We Are Commanded To Daily Take Up Our Cross

Michael Claridge Michael 0 Comments

Imagine if you will that you are Moroni and you have carried and protected the Golden Plates for many years. You have experienced some amazing spiritual experiences, like walking and talking with angels, and also you have spent many hours in the presence of Jesus Christ Himself. Now the time has come for you to bury the Golden Plates in the Hill Cumorah, but before you do, you would like to etch your final words of testimony and warning. What do you write?

If I were Moroni, I think I’d write the most important things I could think of, like give the secret to life. How cool is that? That’s exactly what Moroni did. He gave us the most powerful information and secrets of the entire Book of Mormon encapsulated in the very last chapters he wrote.

I could go on and on about Moroni chapter 7, it’s one of my favorite chapters in all the standard works, second only to Ether chapter 12, which BTW Moroni also wrote. But today I would like to focus on the very last verses of the Book of Mormon, starting at verse 32

32 Yea, come unto Christ, and be perfected in him, and deny yourselves of all ungodliness; and if ye shall deny yourselves of all ungodliness, and love God with all your might, mind and strength, then is his grace sufficient for you, that by his grace ye may be perfect in Christ; and if by the grace of God ye are perfect in Christ, ye can in nowise deny the power of God.

33 And again, if ye by the grace of God are perfect in Christ, and deny not his power, then are ye sanctified in Christ by the grace of God, through the shedding of the blood of Christ, which is in the covenant of the Father unto the remission of your sins, that ye become holy, without spot.

34 And now I bid unto all, farewell. I soon go to rest in the paradise of God, until my spirit and body shall again reunite, and I am brought forth triumphant through the air, to meet you before the pleasing bar of the great Jehovah, the Eternal Judge of both quick and dead. Amen. (Moroni 10:32-34)

Verse 34, the last verse of the Book of Mormon, Moroni bids us farewell. At this point it doesn’t appear that he is a candidate for translation, but he certainly teaches us his belief in the resurrection. And Joseph Smith would be the witness to the glorious truth of the resurrection when the Angel Moroni, a resurrected being visited him.

I think Mark E. Peterson’s testimony is one of the most eloquent:

It was on September 21, 1823, when the angel Moroni first appeared to the young prophet Joseph Smith in his farm home near Palmyra, New York.

As we remember it today, we declare our solemn testimony to all mankind that, indeed, Moroni did come! It is a fact, a firm and unshakable truth. Moroni came!

As an angel of God, a messenger from heaven, this glorious personage visited Joseph Smith in physical reality. It was no dream, nor any kind of mystic occurrence.

It was a visitation. Two physical beings communed together—with Moroni, a resurrected person of flesh and bones, emerging from the eternal veil and paying repeated and never-to-be-forgotten visits to this mortal farm boy, Joseph Smith. (See JS—H 1:30–54.) (The Angel Moroni Came!, October 1983)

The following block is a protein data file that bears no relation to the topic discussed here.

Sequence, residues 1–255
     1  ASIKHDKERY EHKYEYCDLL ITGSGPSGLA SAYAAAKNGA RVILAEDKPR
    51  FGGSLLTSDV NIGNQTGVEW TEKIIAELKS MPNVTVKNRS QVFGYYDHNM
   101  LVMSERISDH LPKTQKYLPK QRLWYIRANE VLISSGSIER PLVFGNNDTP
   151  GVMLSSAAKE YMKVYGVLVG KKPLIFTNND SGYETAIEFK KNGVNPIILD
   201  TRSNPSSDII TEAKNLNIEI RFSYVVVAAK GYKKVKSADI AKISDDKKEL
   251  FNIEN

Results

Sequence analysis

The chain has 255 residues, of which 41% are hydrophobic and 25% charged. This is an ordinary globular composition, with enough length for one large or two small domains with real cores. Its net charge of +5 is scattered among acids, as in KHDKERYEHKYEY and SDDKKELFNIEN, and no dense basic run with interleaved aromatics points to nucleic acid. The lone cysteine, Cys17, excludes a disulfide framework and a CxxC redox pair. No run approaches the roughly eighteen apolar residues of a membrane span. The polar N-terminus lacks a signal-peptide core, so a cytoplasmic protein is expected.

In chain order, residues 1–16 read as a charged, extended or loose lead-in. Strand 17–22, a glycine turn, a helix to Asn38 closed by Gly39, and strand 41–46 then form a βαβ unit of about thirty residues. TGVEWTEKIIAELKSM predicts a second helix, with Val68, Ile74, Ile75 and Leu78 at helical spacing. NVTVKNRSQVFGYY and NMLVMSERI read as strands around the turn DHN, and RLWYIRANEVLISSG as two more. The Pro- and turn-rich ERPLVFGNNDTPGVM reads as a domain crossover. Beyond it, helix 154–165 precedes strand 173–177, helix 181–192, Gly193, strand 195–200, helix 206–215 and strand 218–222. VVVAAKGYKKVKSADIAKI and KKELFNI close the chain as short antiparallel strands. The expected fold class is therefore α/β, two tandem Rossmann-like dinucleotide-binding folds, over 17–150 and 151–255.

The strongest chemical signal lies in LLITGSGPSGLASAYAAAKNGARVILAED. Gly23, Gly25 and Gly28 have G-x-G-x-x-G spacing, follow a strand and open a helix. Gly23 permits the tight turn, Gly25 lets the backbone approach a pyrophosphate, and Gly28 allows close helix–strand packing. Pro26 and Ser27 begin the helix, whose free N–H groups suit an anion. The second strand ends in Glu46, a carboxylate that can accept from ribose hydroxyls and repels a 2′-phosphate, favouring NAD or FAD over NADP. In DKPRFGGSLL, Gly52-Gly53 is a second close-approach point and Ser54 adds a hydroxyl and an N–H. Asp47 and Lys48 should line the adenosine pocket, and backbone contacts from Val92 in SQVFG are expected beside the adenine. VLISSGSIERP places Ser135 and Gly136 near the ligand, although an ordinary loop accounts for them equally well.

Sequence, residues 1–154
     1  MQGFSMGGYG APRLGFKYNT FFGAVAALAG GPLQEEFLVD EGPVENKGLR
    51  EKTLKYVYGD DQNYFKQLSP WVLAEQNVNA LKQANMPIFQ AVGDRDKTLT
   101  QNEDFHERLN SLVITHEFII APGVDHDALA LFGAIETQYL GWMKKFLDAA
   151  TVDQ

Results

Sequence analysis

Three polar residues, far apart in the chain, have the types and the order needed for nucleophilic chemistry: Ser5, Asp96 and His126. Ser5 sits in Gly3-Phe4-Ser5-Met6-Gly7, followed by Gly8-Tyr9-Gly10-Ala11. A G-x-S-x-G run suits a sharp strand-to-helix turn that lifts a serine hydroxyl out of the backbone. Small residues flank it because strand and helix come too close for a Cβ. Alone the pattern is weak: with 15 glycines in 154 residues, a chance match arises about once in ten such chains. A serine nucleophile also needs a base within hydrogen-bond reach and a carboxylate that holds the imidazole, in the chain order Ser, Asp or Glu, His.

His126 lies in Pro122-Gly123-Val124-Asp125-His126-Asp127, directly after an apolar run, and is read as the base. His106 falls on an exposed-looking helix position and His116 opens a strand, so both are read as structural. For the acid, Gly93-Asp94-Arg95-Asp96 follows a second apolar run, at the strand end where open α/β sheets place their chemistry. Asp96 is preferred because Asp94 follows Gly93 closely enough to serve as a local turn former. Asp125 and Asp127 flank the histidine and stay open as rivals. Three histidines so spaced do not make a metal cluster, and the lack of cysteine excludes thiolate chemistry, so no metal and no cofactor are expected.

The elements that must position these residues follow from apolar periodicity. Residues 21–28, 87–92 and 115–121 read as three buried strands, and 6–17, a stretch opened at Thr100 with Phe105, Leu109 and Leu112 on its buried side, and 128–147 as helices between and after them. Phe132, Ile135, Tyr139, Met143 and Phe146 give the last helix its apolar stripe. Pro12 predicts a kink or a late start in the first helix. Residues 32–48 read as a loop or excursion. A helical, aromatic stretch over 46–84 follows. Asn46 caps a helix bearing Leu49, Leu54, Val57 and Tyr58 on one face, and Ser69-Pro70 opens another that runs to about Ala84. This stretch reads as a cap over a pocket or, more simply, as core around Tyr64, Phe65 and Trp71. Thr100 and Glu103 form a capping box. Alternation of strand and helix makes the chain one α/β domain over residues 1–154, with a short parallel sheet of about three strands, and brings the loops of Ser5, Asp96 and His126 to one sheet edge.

As powerful a message as verse 34 teaches, I believe verses 32 and 33 encapsulate the entire Book of Mormon, and reiterate the testimony of each and every prophet that ever lived. They are the crowning jewel verses of all the standard works.

Lindon and I could dedicate each and every blog post of PrisonTemple to just these two verses and we would have an eternity of doctrine to share. Lindon’s beautiful testimony in his last blog post spoke tremendous truths about what it means to “come unto Christ,” the invitation Moroni makes at the beginning of verse 32.

I could write pages and pages on what it means to become perfected in him. Notice it doesn’t say “become perfected like him?” There’s a lesson to be learned here, perhaps in a different post. Today however, I would like to focus on what it means to “deny yourselves of all ungodliness.”

I believe the word deny was a carefully chosen word. It sort of infers that there are some things that we like to do, or are tempted to do, maybe even desire and crave. Do you get that feeling when you read the word deny?

And just what is ungodliness? In Moroni chapter 7 Moroni teaches us the way to determine the difference between that which is of God, and that which is evil, and then he beseeches us to lay hold upon every good thing (that which is of God).

19 Wherefore, I beseech of you, brethren, that ye should search diligently in the light of Christ that ye may know good from evil; and if ye will lay hold upon every good thing, and condemn it not, ye certainly will be a child of Christ.

20 And now, my brethren, how is it possible that ye can lay hold upon every good thing?

24 And behold, there were divers ways that he did manifest things unto the children of men, which were good; and all things which are good cometh of Christ; otherwise men were fallen, and there could no good thing come unto them.

25 Wherefore, by the ministering of angels, and by every word which proceeded forth out of the mouth of God, men began to exercise faith in Christ; and thus by faith, they did lay hold upon every good thing; and thus it was until the coming of Christ. (Moroni 7:19-20, 24-25)

Here we learn that every good thing cometh from Christ. Therefore, it’s pretty easy to see, that if it is not good it must come from evil.

So what is ungodliness? It’s anything that is not good. And we are commanded to deny ourselves of anything that is not good.